Scott Valastyan, lead author on the study, describes it as presenting "detailed mechanistic insight regarding the process of tumor metastasis, and identifies several key regulators of this process that might prove to be interesting diagnostic and/or therapeutic targets in breast cancer."
Dr. Weinberg's group previously showed that the human microRNA, miR-31, suppresses breast cancer metastasis and that its expression is associated with patient outcome. miR-31 regulates the expression of almost 200 genes. However, in this new paper, the authors identify that re-introduction of three miR-31 targets is sufficient to completely reverse miR-31's influence on metastasis.
The researchers characterized both the individual and overlapping contributions that each of these three miR-31 effectors makes to the metastatic process. While three distinct steps are affected by this cohort of miR-31 targets (namely local invasion, early post-intravasation events and metastatic colonization), of particular interest was the finding that two of the three effectors regulate metastatic colonization – the final and rate-limiting step of metastasis.
Scott Valastyan emphasizes that "Our finding that miR-31, integrin-alpha5, and radixin affect the process of metastatic colonization may be of particular interest in light of the fact that colonization efficiency is strongly associated with patient survival outcome in many human tumor types – including breast cancer".
Heather Cosel-Pieper | EurekAlert!
Not of Divided Mind
19.01.2017 | Hertie-Institut für klinische Hirnforschung (HIH)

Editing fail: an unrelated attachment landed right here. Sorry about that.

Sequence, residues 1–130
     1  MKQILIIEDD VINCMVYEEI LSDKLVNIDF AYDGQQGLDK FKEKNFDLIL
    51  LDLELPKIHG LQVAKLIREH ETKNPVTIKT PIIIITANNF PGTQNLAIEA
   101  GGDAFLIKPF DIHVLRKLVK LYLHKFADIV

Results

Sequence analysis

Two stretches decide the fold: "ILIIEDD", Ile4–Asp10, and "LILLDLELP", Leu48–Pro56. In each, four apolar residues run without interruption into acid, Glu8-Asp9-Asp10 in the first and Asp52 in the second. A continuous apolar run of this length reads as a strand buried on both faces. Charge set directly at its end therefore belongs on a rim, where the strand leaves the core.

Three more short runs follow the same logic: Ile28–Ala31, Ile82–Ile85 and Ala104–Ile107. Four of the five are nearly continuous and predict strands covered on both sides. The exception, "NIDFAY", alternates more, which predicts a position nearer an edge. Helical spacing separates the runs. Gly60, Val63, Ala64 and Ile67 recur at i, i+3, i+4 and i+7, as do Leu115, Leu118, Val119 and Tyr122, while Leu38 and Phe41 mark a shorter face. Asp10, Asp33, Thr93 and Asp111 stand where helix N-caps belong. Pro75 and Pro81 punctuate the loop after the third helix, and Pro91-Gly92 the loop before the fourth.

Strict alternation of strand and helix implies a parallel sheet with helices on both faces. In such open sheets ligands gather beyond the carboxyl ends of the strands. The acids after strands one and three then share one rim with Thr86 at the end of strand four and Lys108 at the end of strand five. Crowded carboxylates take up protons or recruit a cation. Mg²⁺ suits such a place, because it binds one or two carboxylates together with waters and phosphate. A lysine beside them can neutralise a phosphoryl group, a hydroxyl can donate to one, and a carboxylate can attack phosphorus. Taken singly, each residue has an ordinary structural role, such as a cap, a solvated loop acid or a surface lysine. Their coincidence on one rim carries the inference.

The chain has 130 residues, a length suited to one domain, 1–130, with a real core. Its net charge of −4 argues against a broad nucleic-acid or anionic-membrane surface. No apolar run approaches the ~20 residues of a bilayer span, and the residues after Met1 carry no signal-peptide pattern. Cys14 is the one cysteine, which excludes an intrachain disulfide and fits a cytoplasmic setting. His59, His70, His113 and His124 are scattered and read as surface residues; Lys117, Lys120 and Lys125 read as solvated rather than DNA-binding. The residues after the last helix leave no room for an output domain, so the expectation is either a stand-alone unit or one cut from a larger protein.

CRISPR meets single-cell sequencing in new screening method
19.01.2017 | CeMM Forschungszentrum für Molekulare Medizin der Österreichischen Akademie der Wissenschaften
An important step towards a completely new experimental access to quantum physics has been made at University of Konstanz. The team of scientists headed by...
Yersiniae cause severe intestinal infections. Studies using Yersinia pseudotuberculosis as a model organism aim to elucidate the infection mechanisms of these...
Researchers from the University of Hamburg in Germany, in collaboration with colleagues from the University of Aarhus in Denmark, have synthesized a new superconducting material by growing a few layers of an antiferromagnetic transition-metal chalcogenide on a bismuth-based topological insulator, both being non-superconducting materials.
While superconductivity and magnetism are generally believed to be mutually exclusive, surprisingly, in this new material, superconducting correlations...
Laser-driving of semimetals allows creating novel quasiparticle states within condensed matter systems and switching between different states on ultrafast time scales
Studying properties of fundamental particles in condensed matter systems is a promising approach to quantum field theory. Quasiparticles offer the opportunity...
Among the general public, solar thermal energy is currently associated with dark blue, rectangular collectors on building roofs. Technologies are needed for aesthetically high quality architecture which offer the architect more room for manoeuvre when it comes to low- and plus-energy buildings. With the “ArKol” project, researchers at Fraunhofer ISE together with partners are currently developing two façade collectors for solar thermal energy generation, which permit a high degree of design flexibility: a strip collector for opaque façade sections and a solar thermal blind for transparent sections. The current state of the two developments will be presented at the BAU 2017 trade fair.
As part of the “ArKol – development of architecturally highly integrated façade collectors with heat pipes” project, Fraunhofer ISE together with its partners...
19.01.2017 | Event News
10.01.2017 | Event News
09.01.2017 | Event News
19.01.2017 | Earth Sciences
19.01.2017 | Life Sciences
19.01.2017 | Physics and Astronomy